Summer is short enough here as it is. Taking care of a perfectly manicured lawn is a time sink that will drain your summer dry if you let it. Now if you're one of those people who lives for lawn care, this column isn't for you.
Sheep's Fescue: Minimal effort, needs patience. Without much work you can transition away from the lawn you have to a Sheep's Fescue lawn. Sheep's Fescue is a short growing perennial grass that will grow to about six inches, and then flop over into spirals. It's drought tolerant, and you don't need to mow it. Overseeding is best done in May, June, or September, and it may take 2-4 years before the Sheep's Fescue really takes over. There are other varieties or mixes that are better suited to specific applications, but this is a good place to start.
One of the reasons that Sheep's Fescue isn't more popular is that its roots are too deep for people to sell it as sod commercially. The sod would take too much topsoil. It's more profitable to sell the water-hungry shallow rooted thin sod that you have to water, mow, and fertilize constantly. Instead, with some time, and a bag of seed, you can avoid ever having to mow it again. You still have the grass, but you don't have to do anything to it. What could be better?
Xeriscaping: Lots of effort, big reward. Completely re-landscaping your yard is a lot of work, but when you consider that you won't be mowing that area ever again, the labour of a few weekends will pay you back every time you walk past someone mowing their lawn like a sucker.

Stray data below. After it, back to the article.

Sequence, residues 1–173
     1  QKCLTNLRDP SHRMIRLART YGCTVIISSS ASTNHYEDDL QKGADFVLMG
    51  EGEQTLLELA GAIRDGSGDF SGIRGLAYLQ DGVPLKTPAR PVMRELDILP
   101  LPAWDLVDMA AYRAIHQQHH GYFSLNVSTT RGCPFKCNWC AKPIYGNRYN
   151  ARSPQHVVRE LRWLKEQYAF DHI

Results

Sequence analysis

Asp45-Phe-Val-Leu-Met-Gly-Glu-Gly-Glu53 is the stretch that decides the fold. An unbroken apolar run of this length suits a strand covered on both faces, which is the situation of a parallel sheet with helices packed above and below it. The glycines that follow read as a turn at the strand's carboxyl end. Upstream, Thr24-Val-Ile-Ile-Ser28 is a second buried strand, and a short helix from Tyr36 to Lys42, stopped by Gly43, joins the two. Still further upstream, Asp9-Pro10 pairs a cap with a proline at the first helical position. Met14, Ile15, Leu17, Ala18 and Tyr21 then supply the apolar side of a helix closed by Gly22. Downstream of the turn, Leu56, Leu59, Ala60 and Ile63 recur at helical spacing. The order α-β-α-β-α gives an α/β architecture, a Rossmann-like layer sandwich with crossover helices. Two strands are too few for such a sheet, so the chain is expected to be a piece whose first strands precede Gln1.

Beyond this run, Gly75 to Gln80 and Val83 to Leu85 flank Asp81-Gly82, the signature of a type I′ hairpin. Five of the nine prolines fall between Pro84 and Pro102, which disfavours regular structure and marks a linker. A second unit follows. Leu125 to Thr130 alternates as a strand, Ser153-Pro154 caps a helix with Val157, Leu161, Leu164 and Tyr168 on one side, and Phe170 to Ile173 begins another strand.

Between gravel, paving stone, and mulch, there are lots of options for how to do it (do your research and plan it out ahead of time), but the basic pattern is to kill the grass and weeds, cover with some sort of growing barrier then add mulch or gravel. Then plant native or adaptive perennials, trees, and shrubs. Remember to allow for the full grown size of the plant. When the plants are small, it's easy to plant them too closely together.
This is also a good opportunity to plant things you like to eat. Between wild strawberries, rhubarb, asparagus, as well as things like potatoes, tomatoes or carrots, you can work some food production into the yard. Find some things that you like to eat that also look good in the landscape. Let the landscape reward you (with food) for the work you've done.
Learn More: You can't fit all the info you need to landscape your yard in a single newspaper column. A web search for 'permaculture' or a trip to www.eco-yards.com will provide lots of information on how you can landscape your yard so you'll never have to mow it again.
Bonus tip: Sell your lawn mower, not so much for the money, but to reclaim the storage space. You won't be needing it anymore. When you see people mowing their lawns, try not to gloat too much.